For independent artists, there’s the dream and the grind.
“Omar Aura: On My Dig” is a film about the grind.
The documentary – directed by Clovis High School grad Colby K. Neal and available for digital release this week – follows Fresno rapper Omar Aura on his trip the The A3C Festival in Atlanta. The festival and conference is one of the largest annual hip-hop gatherings, with thousands of artists playing in 10-plus venues over two days. Last year, Aura was chosen to perform by fans in an online competition that pitted him against other rappers in March Madness-style brackets.
It was a big opportunity for the rapper, and not his first.
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“He’s had some flashes of success,” says Neal, who met Aura while working on the video for the rapper’s track “Mannie Fresh, Kanye.” In Aura, he saw a universal story of struggle and determination; of the lengths an artist will go to to keep the dream alive.
“He was everywhere I was after that,” Aura says.
The pair traveled to Atlanta together, shared a hotel room while the rapper spent three days performing, networking and handing out the 500 mix tapes he’d produced for the trip.
Back home, Neal tracked down old footage of the rapper, met with his friends and family and followed Aura as he returned to his day job as a personal trainer. He captured Aura in private moments. Well, they would have been private, if not for the camera, Aura says.
The rapper admits his original intentions for doing the film were self-serving. So, he was nervous when he realized there might be moments in the movie when he wouldn’t look cool.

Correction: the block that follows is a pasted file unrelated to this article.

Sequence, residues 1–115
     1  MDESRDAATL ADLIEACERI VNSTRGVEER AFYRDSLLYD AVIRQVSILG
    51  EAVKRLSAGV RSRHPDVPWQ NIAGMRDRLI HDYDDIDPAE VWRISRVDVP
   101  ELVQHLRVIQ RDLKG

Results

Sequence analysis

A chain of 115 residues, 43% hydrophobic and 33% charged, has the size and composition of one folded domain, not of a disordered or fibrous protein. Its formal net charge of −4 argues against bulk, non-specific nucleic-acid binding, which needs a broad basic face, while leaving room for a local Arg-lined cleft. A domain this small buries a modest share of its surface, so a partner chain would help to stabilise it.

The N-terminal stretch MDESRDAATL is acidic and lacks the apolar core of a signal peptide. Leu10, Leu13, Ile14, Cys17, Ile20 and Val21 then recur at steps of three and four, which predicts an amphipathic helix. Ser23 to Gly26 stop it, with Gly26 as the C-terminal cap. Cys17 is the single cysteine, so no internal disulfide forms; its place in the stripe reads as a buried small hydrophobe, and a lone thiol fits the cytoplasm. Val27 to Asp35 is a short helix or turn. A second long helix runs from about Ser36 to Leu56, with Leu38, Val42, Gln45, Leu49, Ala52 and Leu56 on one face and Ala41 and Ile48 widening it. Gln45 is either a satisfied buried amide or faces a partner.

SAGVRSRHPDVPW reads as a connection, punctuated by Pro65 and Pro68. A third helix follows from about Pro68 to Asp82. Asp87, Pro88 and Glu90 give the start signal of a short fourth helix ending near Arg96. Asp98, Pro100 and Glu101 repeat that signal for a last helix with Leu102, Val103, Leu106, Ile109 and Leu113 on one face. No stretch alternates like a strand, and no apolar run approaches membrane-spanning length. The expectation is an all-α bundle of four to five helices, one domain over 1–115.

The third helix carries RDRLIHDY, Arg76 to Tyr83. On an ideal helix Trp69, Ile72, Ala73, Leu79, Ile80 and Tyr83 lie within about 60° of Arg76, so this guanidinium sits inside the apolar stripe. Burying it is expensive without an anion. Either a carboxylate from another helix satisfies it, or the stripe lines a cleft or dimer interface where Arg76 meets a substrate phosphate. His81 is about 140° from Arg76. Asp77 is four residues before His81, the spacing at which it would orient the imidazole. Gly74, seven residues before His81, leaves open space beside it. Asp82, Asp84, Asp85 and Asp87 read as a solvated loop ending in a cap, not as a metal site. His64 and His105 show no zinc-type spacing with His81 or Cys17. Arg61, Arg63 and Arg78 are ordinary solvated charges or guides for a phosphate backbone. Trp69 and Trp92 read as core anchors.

“But then, it was too late, anyway,” he says.
“He’s shooting it as a film and I’m a character, a real living, live character in that film.”
Whatever I have to do to get you listening, whatever I have to do to get you watching, I’m going to do.
Fresno rapper Omar Aura
“Omar Aura: On My Dig” tracks Aura’s beginnings doing ciphers and rap battles in high school. It follows his relationship with other emcees in the Fresno scene, including Fashawn and the Grizzly City Boys. It questions the rapper’s choices and possible missteps, Neal says.
Here is an artist with talent, appeal and drive who still doesn’t have a record deal. Neal wondered why Aura wasn’t more mainstream. It’s one of the questions he wanted to pose in the film – to both the audience and Aura, himself.
“Omar Aura: On My Dig” might not answer the question right out, but it did give the rapper some perspective on where the grind will take him next.
“I can compete,” Aura says.
“It’s just not going to happen staying put.”
This is just a small chapter in Aura’s life and career. If anything, “On My Dig” is a film to be continued.
“I’m still 1,000 percent committed to my music,” he says.